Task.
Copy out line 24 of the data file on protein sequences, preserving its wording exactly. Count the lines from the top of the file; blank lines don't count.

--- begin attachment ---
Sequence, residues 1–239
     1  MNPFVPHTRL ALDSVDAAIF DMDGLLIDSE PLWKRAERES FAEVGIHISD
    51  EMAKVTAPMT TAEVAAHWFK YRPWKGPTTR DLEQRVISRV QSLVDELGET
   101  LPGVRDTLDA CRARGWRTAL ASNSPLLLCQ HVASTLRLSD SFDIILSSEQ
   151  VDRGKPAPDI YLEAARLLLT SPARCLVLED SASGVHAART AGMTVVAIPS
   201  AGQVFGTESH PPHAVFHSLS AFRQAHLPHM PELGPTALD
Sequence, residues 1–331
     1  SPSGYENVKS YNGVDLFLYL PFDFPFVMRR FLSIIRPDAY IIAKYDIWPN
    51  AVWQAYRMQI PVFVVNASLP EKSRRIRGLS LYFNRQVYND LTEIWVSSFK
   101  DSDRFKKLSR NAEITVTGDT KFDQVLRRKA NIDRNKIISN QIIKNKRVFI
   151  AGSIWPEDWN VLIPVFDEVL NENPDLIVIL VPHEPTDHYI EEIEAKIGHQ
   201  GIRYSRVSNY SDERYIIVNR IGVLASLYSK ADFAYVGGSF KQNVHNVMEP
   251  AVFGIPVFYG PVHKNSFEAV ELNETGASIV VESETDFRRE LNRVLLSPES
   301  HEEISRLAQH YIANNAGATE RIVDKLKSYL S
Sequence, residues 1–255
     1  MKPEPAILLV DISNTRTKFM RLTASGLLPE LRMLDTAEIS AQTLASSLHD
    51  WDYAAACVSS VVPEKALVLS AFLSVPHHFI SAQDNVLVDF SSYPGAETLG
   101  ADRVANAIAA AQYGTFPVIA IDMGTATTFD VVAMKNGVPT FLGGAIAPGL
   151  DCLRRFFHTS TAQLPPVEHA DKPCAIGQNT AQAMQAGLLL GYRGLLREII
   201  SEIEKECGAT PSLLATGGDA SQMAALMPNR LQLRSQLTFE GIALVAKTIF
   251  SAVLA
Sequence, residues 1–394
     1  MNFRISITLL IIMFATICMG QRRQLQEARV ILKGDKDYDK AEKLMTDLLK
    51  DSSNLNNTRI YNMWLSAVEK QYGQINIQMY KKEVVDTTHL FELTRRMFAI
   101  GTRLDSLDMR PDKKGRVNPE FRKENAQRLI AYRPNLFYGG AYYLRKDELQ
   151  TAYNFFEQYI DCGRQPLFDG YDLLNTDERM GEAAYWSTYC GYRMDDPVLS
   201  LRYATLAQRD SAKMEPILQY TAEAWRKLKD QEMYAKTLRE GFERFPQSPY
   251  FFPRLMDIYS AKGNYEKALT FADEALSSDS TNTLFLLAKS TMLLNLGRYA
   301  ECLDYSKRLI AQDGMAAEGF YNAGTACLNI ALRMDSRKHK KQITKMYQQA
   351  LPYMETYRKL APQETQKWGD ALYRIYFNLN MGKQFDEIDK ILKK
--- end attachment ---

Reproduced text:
    51  DSSNLNNTRI YNMWLSAVEK QYGQINIQMY KKEVVDTTHL FELTRRMFAI